"I say the presence of Americans is not a sign of strength. Americans are a hostage to their own presence," Defense Minister Shamkhani told Al-Jazeera.

The United States fears Iran wants to establish a fundamentalist Shiite regime in its own image in Iraq. U.S. and Iraqi officials have accused Iran of fomenting violence and instability in Iraq, charges Iran denies.

"The Iranian government will never pursue turmoil and unrest in Iraq," Shamkhani told Al-Jazeera.

London returns stolen stone artifact to Iran

London returns stolen stone artifact to Iran
Yazd, Aug. 18, IRNA -- An ancient stone artifact dating back to 12th century A.D. was returned to Iran from London where it was sold in an auction in 2003, said a cultural official in the central provincial city of Yazd on Wednesday.
The stone, believed to date back to the 6th century of the Iranian calander (533 A.H. or 1138 A.D.), formed part of a niche in a mosque in Abrand-Abad village, about 10 km from the central Iranian city of Yazd, said the director-general of provincial cultural heritage organization, Mohammad Beheshti.

It was stolen on February 2002, taken to Dubai, and then to London where it was auctioned for 100,000 pounds (dlr 290,000) by an antiques dealer.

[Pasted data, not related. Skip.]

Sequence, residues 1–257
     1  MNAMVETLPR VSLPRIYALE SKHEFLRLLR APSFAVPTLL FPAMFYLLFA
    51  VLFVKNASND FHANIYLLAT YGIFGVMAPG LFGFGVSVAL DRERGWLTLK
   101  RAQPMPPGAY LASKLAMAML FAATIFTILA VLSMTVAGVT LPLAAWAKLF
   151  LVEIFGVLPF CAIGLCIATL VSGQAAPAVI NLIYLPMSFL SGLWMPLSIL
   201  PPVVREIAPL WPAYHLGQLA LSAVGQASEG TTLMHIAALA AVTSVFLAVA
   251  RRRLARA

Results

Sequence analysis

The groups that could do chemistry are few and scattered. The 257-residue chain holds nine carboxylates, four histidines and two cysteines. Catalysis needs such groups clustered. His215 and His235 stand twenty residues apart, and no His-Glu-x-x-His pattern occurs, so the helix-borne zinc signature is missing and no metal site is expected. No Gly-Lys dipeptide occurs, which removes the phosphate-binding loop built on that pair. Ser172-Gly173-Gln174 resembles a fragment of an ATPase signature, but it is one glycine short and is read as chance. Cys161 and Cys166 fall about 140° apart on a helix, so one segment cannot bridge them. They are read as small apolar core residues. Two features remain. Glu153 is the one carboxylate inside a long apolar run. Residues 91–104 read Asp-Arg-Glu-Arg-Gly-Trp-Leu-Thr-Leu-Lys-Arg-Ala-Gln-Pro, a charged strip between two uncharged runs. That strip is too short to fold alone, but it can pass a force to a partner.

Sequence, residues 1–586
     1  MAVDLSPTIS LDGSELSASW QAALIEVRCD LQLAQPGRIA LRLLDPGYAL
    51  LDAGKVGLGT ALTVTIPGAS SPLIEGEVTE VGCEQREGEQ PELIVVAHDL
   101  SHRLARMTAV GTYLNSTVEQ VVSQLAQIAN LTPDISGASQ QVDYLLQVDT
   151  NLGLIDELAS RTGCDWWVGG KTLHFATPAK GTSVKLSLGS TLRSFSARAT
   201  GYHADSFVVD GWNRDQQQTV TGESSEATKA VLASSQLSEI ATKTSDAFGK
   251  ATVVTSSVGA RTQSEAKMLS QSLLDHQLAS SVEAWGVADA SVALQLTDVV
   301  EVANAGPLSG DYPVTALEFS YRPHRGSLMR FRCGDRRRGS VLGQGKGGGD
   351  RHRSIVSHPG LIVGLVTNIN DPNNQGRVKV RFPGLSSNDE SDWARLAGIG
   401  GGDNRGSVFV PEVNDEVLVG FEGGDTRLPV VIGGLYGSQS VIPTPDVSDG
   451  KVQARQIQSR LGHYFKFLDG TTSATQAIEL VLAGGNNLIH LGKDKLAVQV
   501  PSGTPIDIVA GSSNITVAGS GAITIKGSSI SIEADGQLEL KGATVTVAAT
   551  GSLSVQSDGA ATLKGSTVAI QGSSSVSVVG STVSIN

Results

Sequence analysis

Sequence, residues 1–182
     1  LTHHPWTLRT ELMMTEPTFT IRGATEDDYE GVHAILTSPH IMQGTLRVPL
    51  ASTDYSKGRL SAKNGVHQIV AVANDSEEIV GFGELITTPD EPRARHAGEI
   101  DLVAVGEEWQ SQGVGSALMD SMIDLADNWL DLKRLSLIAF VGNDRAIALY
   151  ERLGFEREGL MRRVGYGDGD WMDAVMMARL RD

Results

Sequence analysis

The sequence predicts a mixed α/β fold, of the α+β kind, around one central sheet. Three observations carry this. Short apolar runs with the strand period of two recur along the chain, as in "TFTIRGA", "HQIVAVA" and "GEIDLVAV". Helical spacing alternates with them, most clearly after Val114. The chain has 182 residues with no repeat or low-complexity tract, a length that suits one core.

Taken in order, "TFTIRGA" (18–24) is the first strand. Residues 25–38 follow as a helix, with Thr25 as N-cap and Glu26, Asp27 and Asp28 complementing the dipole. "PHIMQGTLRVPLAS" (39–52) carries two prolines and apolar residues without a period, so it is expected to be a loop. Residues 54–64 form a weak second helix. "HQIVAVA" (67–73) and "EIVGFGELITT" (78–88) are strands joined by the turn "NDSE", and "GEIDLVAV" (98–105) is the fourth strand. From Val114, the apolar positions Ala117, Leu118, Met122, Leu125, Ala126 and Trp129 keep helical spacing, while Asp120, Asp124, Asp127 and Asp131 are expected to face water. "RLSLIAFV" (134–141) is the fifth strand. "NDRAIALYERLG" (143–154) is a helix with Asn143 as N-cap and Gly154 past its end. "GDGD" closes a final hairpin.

Beheshti said the stone was found in London, which traced it to Iran and then arranged for its return to its source after completion of legal procedures.

The stone is reported to be an 81x65 centimeter gravestone with a number of Quranic verses carved on its margins and apex.

It has now returned to its place of origin in the city of Yazd, 667 km south of the capital Tehran, and will be put on display in the city's museum within the next two months, Beheshti said.

He said that in case security conditions in Yazd are found to be inadequate, the stone would again be transferred to Tehran and kept in a place safe enough to avoid another theft of the valuable item.

Police nab 750 kg of illicit drugs in central Iran
Isfahan, Aug 18, IRNA -- Police seized 750 kg of illicit drugs in the central province of Isfahan over a few days ago.